This booklet, High Holy Days: the Basics, explains the Days of Awe, starting with Rosh Hashanah and running through Yom Kippur, including what to expect at synagogue services, what the home celebrations may look like and concluding with a glossary of useful terms.
Connecting Interfaith Families to Jewish Life in Greater Cleveland by providing programs and opportunities for interfaith families to experience Judaism in a variety of venues, meet other interfaith families, and to connect to other Jewish organizations that may serve their needs.
A great way for Jewish professionals and volunteers who work with and provide programming for people in interfaith relationships to locate resources and trainings to build more welcome into their Jewish communities; connect with and learn from each other; and publicize and enhance their programs and services.
First, Pat Shaw responded to an inquiry I made about Eddie Pola’s father after this article was submitted. For the record, here it is:
“Yes, my grandfather (Alexander Pola) was an engineer, both in NYC and Hungary. In 1919 when he was released from the internment camp in the UK, he moved his family to London where he founded his own business. A company that manufactured a product of his own invention. It was a rolling pin covered with rubber containing suction cups. Designed to roll over the thighs and stomach, etc., to help with the dieting process. He died in 1939 of a heart attack, and my grandmother took over the company and was the managing director until the day she died.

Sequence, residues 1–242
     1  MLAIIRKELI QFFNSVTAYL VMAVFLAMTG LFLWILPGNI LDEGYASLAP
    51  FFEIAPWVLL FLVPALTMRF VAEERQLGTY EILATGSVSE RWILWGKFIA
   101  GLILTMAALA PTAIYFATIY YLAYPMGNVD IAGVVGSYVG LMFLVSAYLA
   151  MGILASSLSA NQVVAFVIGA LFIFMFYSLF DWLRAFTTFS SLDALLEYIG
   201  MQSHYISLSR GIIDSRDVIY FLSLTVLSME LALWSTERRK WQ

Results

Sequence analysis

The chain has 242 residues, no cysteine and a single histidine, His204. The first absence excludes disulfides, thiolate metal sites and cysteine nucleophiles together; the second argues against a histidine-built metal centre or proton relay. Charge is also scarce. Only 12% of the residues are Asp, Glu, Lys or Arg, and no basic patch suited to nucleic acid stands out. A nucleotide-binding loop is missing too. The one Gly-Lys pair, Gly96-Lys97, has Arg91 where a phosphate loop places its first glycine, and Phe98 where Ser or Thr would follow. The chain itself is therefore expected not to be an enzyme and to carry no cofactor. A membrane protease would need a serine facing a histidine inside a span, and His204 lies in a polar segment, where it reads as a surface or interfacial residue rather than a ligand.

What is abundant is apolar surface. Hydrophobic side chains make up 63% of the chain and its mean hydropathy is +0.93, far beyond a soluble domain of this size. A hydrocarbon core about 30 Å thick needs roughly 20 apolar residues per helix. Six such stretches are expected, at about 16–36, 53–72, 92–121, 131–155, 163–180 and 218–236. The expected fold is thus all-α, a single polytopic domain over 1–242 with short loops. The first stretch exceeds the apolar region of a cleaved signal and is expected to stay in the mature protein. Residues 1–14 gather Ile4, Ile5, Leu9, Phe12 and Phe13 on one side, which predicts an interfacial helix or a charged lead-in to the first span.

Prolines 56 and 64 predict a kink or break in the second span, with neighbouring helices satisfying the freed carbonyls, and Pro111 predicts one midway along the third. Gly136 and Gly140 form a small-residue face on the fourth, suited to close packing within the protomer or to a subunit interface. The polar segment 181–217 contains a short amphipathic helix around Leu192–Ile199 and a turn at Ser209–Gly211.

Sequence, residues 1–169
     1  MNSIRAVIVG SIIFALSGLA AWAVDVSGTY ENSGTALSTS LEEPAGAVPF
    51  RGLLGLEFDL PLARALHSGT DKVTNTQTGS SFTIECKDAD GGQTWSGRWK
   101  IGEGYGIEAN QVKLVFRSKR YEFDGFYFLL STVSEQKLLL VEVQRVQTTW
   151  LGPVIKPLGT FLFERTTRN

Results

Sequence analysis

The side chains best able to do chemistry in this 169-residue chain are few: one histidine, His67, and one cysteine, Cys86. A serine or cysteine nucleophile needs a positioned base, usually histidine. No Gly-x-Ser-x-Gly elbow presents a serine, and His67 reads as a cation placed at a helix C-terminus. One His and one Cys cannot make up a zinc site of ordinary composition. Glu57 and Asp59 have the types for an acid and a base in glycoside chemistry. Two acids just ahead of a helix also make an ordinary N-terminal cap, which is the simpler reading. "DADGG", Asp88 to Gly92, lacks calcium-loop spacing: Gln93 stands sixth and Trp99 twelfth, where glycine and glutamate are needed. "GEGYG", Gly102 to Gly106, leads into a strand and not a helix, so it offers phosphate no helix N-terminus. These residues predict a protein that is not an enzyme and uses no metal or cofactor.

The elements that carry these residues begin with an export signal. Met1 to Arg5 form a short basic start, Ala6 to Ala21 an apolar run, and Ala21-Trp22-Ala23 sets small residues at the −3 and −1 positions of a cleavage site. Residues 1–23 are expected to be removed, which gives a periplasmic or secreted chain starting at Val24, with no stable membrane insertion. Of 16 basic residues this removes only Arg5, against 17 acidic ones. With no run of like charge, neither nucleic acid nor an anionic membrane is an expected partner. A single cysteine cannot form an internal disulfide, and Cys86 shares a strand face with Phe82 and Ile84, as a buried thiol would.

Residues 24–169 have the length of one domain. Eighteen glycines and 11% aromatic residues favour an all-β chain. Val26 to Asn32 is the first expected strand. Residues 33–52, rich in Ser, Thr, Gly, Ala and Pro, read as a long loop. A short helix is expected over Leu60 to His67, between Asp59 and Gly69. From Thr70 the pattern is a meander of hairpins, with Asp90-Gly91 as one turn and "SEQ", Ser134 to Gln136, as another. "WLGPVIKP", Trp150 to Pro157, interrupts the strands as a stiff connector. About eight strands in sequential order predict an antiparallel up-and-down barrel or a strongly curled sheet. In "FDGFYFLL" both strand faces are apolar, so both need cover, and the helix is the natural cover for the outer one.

He expected my father (Eddie Pola) to follow in his footsteps in the engineering field, but Dad was bitten by the Show Business Bug and never used his Engineering degree. (End)
Second, because of how my notes were arranged, I forgot to mention Eddie Pola’s second most famous song, “Marching Along Together”, 1933, which was recorded by famous singer Kate Smith. To this day it is used by many college marching bands as a standard.
Finally, my e-mail friend Robert tells me he lives in Pennsylvania. Not Maryland.
My grandfather, Charles Snyder, was a songwriter and Jewish. Before his death at a very young age in 1924, he was partners with J. Frederick Coots. Santa Claus Is Coming to Town might have been written by him, had he lived. The song was first performed on the Edddie Cantor show, so there is a Jewish connection.
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Article Discussion: The Jews Who Wrote Christmas Songs (2012)